When Robert Evans was appointed Head of Production at Paramount Studios in 1966, he had never actually produced a single film; his acting career, once so promising, had stalled fatally some years earlier; and what money he had he had made as a partner in his brother’s tailoring firm. Yet The Kid Stays in the Picture, and the memoir from which it is adapted, is the story of a man born lucky and who knew how to ride it.

The foul-mouthed, hyperbolic book lengthily traces Evans’ life as a precocious child actor in New York and his tailoring/modelling career (he claims to be the man who introduced women to long trousers), but the highly stylised documentary begins when he is spotted poolside by Norma Shearer, who casts him as her late husband Irving Thalberg in Man of a Thousand Faces (1957). A few years of poor performances and glitzy premieres follow, including a role in The Sun Also Rises (1957) and an encounter with Darryl Zanuck, from which both book and film take their title. The understanding that real power lies behind the camera motivates Evans to seek out production opportunities which, eventually, leads him to being made Head of Production at ‘the mountain’, a studio then lying some way behind the others in terms of box-office and profile.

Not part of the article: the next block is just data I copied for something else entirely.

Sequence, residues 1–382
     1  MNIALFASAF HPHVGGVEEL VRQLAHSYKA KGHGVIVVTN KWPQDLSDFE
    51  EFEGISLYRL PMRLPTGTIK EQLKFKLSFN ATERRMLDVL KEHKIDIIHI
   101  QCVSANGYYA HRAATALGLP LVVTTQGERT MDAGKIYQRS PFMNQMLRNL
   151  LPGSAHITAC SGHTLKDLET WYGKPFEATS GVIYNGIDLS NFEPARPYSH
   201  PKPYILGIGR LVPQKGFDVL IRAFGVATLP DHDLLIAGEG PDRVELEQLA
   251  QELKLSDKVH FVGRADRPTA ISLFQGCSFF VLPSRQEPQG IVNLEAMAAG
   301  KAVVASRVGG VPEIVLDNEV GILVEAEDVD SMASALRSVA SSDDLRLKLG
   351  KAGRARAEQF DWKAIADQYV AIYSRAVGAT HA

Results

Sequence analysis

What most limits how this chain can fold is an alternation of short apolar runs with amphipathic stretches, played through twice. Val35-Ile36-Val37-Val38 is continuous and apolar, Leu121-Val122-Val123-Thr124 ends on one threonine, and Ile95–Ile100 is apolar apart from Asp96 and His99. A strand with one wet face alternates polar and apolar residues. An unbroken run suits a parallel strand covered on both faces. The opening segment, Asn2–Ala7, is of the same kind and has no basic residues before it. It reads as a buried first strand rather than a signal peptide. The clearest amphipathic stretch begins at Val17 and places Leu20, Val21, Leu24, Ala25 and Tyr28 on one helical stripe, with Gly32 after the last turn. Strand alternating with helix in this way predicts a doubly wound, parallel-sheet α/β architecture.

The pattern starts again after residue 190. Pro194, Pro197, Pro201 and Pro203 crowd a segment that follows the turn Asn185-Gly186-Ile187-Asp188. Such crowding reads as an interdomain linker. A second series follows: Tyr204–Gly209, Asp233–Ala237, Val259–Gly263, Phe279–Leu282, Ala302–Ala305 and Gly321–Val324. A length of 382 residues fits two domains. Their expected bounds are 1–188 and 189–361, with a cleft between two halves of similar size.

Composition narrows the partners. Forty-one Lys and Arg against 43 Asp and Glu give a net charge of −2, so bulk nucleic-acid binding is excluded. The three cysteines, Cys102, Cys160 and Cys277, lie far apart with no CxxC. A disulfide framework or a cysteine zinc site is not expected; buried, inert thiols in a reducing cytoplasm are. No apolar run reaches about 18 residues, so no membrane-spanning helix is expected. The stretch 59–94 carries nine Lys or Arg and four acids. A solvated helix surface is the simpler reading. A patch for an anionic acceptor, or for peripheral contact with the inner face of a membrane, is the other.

Most kamera readers will know the next part. Rosemary’s Baby (1968), True Grit (1969), Love Story (1970), The Godfather (1972) and Chinatown (1974) all followed, and Paramount were top of the heap. At the same time, Evans and his right-hand man Peter Bart became largely responsible for ushering in the period we now know as ‘New Hollywood’. The attendant hedonism and hubris were at least in part also responsible for Evans’s decline into drugs and – probably worse as far as he’s concerned – mediocre movies like Urban Cowboy (1980) and The Cotton Club (1984).

What makes this film of note, stylistically, is its complete avoidance of ‘talking heads’. Instead the film-makers have used digitally altered contemporary photographs to illustrate events, which are narrated by Evans himself. (Evans’s occasionally incomprehensible voice is wonderfully impersonated by Dustin Hoffman over the closing credits and in the gag reel that supplements the DVD.) This is wonderfully evocative, and slyly has the effect of making the ‘documentary’ seem more like a home-movie, thus keeping it very much in the self-aggrandising style of the narrator. (There is one lovely subtle image of an otherwise black-and-white photograph of Frank Sinatra with eyes tinted blue.) Unfortunately this effect runs out of steam after about an hour and the film-makers have to resort to rather less interesting news and chat show footage to document Evans’s 80s decline.

The fact that The Kid Stays in the Picture is produced by Graydon Carter, editor of Vanity Fair, for which the project was initially intended as a DVD cover mount (!), will give you some idea of its level of critical analysis. But it is nonetheless an entertaining, if one-sided account of the last Golden Age of Hollywood and a man who, with good reason, could claim to be its spiritual midwife.